Other studies underline the therapeutic potential of lemongrass. It can reduce skin inflammation and combat fungal infections when applied topically or inhaled.
How to Use: You can apply lemongrass oil directly to the temple, although you may want to dilute the oil. You can also rub lemongrass on the chest to relieve tightness or swelling in that area of the body.
Peppermint oil is renowned for its anti-inflammatory properties. To make the most of its benefits, you can diffuse it or apply it to your skin after diluting it with carrier oil. This not only eases inflammation but also offers a refreshing aroma.
Studies have validated the anti-allergy effects of peppermint oil. The European Journal of Medical Research confirms that menthol oil, a component of peppermint oil, possesses anti-inflammatory properties.
How to Use: This oil can be inhaled to have an effect, making it popular in diffusers and steam inhalation therapies, although 1-2 drops can also be used sublingually for rapid and powerful results.
In the event of an allergic reaction, antihistamines are your go-to solution, as histamines are released by the body when it encounters allergens. Lavender oil, a natural antihistamine, steps in to counter histamine production, offering relief from allergies and their symptoms.
Research published in the journal ‘Life Sciences‘ reveals that lavender essential oil’s anti-inflammatory effects can effectively treat bronchial asthma complications.
How to Use: This oil can be used topically (in diluted form) to clear up any skin inflammation, or it can be inhaled or used in room diffusers to offer long-term protection against seasonal allergies.
Tea Tree Oil
This super oil from Australia boasts anti-allergenic, anti-inflammatory, and antioxidant properties, which can inhibit the release of histamines, support the immune system, and quickly remedy any of the symptoms should an allergic reaction occur.
How to Use: This oil is typically used in a diluted form on the skin, to relieve topical inflammation, or it can be mixed with other soaps and shampoos to protect your whole body from unwanted allergic reactions. Under no circumstances should this essential oil be orally consumed.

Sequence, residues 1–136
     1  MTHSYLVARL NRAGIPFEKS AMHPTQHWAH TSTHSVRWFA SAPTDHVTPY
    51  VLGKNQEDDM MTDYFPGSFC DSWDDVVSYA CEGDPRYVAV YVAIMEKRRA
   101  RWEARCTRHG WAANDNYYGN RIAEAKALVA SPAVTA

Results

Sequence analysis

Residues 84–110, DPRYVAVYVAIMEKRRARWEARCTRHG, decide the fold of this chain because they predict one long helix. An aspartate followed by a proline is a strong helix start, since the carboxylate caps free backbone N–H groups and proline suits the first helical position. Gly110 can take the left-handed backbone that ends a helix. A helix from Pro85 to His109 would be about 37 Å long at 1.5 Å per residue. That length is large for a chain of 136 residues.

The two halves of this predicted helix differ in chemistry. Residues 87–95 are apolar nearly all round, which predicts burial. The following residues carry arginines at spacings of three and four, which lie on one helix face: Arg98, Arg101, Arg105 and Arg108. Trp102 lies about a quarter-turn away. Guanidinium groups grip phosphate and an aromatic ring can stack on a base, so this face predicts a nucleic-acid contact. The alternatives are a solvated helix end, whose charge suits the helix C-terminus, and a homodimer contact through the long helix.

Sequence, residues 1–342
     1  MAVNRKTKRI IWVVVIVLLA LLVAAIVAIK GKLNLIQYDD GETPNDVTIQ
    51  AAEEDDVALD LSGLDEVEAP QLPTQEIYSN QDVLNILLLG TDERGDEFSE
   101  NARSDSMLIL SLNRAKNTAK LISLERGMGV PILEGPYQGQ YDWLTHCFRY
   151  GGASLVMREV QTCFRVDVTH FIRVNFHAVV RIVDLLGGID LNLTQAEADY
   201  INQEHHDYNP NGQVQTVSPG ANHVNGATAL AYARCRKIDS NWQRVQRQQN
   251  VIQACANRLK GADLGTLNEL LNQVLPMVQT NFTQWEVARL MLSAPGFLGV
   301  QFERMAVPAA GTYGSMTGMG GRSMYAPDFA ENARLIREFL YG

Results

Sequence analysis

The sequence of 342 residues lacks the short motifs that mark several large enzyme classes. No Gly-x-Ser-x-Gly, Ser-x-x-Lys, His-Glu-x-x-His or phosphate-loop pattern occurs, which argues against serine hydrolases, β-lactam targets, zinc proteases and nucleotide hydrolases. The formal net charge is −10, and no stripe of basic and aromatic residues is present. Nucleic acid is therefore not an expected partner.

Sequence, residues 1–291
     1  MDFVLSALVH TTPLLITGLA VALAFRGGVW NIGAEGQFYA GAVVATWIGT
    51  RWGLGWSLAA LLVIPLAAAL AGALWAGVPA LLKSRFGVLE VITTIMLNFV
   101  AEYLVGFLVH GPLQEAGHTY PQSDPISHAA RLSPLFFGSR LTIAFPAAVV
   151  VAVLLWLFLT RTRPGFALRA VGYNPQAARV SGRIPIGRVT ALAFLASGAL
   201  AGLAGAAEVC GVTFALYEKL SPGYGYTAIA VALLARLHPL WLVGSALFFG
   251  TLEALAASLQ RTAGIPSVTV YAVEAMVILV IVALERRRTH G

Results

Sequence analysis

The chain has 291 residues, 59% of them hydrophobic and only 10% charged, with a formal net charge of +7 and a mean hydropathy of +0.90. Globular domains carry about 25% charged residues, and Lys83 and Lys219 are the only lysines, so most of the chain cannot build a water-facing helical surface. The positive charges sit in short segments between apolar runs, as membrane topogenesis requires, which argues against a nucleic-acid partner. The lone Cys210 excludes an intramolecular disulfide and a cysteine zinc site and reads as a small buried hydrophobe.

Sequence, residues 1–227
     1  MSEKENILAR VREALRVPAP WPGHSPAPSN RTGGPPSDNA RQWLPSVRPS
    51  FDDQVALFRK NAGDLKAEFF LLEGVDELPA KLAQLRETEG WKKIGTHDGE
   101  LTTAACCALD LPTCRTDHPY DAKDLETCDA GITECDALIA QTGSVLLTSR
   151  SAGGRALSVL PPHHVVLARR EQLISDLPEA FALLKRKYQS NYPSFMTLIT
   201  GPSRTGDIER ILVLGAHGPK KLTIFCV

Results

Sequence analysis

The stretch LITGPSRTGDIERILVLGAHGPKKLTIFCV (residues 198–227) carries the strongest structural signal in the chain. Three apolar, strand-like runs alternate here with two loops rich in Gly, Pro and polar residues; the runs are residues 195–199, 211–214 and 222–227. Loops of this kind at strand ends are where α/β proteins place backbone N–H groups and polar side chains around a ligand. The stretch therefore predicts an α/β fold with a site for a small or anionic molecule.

Thyme oil is a very popular remedy for respiratory conditions, such as asthma, as it can suppress inflammation and is anti-spasmodic. It can also inhibit the allergic response from the immune system, and prevent the release of histamines when used as a preventative measure.
How to Use: One of the best ways to soothe the allergic response before it becomes too serious is to add a few drops of thyme oil to a steaming pot of water and then inhale deeply, allowing the aromatic compounds of the oil to clear your sinus passages.
Word of Caution
While using essential oils for allergies can be extremely effective as both a preventative measure and a treatment, there are inherent risks to using some of these oils. Negative reactions to these extremely potent oils are not uncommon, and in most cases, very small amounts can be effective. Excessive use can often cause irritation, toxicity, gastrointestinal distress, and other unwanted side effects. If you are already taking allergy medication, it is best to speak with your doctor before adding one of these essential oil remedies to your health strategy.